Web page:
Think about how the world changed when automobiles were invented around the start of the 20th century.

And now think of the Honda in your driveway as a horse in 1898.

• • •

The race, so to speak, has already begun.

Pittsburgh agreed to partner with Uber for a driverless car experiment. Tempe, Ariz., did the same. Uber opened up a research hub in Toronto. Columbus, Ohio, won a $40 million grant from the Department of Transportation to fund driverless car research. South Korea is building a mock city to simulate driving conditions, and autonomous technology is being developed in cities across the U.K.

So is Tampa Bay already behind?

Yes, and no.

We don't have the same talent pool of engineers and tech innovators as other markets, but the state has been making infrastructure plans for toll roads that could be easily converted to driverless lanes.

State Sen. Jeff Brandes, R-St. Petersburg, recognized the potential years ago, and has been introducing legislation that makes Florida among the most progressive states in the country when it comes to driverless laws.

He's not as optimistic as Sternberg about Tampa Bay's potential as a hub, but he said the state can potentially save billions simply by understanding the changes that are about to arrive, and planning accordingly.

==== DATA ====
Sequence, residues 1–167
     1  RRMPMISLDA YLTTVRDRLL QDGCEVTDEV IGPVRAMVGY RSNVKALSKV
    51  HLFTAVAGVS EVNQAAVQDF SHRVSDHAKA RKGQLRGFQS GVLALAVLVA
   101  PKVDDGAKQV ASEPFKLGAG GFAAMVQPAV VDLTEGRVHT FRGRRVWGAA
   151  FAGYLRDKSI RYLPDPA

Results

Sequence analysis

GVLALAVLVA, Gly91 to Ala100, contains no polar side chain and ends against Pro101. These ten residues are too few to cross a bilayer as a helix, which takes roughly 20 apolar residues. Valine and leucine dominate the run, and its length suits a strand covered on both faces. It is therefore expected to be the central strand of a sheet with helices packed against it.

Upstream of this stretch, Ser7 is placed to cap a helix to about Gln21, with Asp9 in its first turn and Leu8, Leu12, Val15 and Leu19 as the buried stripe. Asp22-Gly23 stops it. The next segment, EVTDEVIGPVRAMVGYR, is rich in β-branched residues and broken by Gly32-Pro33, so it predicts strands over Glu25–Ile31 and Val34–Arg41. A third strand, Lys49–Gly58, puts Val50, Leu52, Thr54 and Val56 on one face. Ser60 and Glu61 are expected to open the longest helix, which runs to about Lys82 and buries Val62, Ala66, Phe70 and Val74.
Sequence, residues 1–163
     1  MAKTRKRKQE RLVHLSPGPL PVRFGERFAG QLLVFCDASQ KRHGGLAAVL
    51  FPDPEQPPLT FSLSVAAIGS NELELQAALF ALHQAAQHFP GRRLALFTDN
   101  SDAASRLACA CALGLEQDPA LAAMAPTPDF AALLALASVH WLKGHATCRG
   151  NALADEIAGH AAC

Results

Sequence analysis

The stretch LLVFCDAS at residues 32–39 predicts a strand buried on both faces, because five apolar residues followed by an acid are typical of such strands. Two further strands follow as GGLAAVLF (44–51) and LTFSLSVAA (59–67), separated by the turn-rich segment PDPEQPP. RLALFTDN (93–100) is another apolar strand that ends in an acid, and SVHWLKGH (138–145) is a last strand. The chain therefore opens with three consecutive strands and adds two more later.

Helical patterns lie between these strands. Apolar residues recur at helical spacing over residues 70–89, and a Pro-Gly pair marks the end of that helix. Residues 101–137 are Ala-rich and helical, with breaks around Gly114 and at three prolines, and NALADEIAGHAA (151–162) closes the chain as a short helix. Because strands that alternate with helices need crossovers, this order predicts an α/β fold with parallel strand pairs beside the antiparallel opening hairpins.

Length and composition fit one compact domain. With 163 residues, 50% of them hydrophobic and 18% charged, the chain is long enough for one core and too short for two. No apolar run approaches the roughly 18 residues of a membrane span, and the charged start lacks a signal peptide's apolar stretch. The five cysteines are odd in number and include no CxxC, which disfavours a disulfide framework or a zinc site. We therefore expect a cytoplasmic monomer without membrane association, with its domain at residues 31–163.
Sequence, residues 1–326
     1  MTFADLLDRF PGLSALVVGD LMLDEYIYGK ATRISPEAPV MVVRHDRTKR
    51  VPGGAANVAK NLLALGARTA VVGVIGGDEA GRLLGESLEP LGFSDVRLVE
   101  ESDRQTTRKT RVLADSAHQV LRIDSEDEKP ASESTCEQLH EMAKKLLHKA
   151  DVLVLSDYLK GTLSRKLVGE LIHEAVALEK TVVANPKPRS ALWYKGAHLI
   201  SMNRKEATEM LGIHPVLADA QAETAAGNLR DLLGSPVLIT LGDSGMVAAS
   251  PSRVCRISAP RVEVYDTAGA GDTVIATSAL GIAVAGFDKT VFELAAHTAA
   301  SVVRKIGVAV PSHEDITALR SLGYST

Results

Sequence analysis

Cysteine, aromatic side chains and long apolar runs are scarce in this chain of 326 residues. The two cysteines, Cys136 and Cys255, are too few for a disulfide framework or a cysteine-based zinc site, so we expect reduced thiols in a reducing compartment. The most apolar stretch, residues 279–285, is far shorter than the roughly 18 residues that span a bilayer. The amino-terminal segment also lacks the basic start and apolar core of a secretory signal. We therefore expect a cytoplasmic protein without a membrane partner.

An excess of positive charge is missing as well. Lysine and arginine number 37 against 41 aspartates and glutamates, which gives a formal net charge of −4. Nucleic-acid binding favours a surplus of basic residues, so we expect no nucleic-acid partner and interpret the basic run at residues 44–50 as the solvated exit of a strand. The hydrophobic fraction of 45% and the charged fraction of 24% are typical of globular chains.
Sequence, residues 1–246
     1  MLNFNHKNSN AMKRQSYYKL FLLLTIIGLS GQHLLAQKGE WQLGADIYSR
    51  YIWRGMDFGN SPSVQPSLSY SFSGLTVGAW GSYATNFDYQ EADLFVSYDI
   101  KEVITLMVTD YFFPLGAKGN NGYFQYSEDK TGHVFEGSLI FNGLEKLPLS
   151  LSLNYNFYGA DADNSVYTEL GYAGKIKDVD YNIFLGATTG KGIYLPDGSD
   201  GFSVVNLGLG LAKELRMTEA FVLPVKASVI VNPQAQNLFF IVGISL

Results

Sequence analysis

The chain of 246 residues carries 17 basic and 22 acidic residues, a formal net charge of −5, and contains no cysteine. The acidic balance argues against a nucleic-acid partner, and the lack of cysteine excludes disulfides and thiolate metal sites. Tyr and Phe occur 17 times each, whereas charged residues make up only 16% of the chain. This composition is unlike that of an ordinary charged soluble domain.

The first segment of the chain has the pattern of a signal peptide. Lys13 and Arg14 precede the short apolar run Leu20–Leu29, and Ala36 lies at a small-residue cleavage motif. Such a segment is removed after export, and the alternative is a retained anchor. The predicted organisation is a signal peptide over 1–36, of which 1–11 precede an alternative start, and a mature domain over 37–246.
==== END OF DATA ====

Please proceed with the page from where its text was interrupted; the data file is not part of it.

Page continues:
"We are incredibly well-positioned to be an early deployment state for this technology,'' Brandes said. "This will fundamentally change our thinking in how we redesign cities moving forward.''

Manufacturers and tech outfits are not yet beating down our doors, but testing models are already popping up around Tampa Bay. The Tampa Hillsborough Expressway Authority got a grant to test autonomous cars on the Lee Roy Selmon Expressway. Florida Polytechnic University and Florida's Turnpike Enterprise are teaming up to build a 2.25-mile oval track on a 400-acre site in Polk County to test high-speed tolls as well as driverless cars. An Orlando partnership was named one of 10 U.S. Department of Transportation pilot sites.

"What we're doing is trying to create an environment to draw (tech companies) in,'' said Paul Steinman, who oversees the Tampa Bay area for the Florida Department of Transportation.

A few years ago, St. Petersburg and the Chamber of Commerce teamed up for a Grow Smarter initiative that has focused on areas such as marine life sciences and creative art design. Mayor Rick Kriseman said Sternberg's transportation concept would fit easily within those plans in the city's innovation district.

"That's what the innovation district is all about — identifying and targeting and being selective about what we go after,'' Kriseman said. "We need to be looking 20 years out instead of just the next two or three years. We can't limit ourselves. We have to recognize the potential of technology and understand how quickly things are going to change.''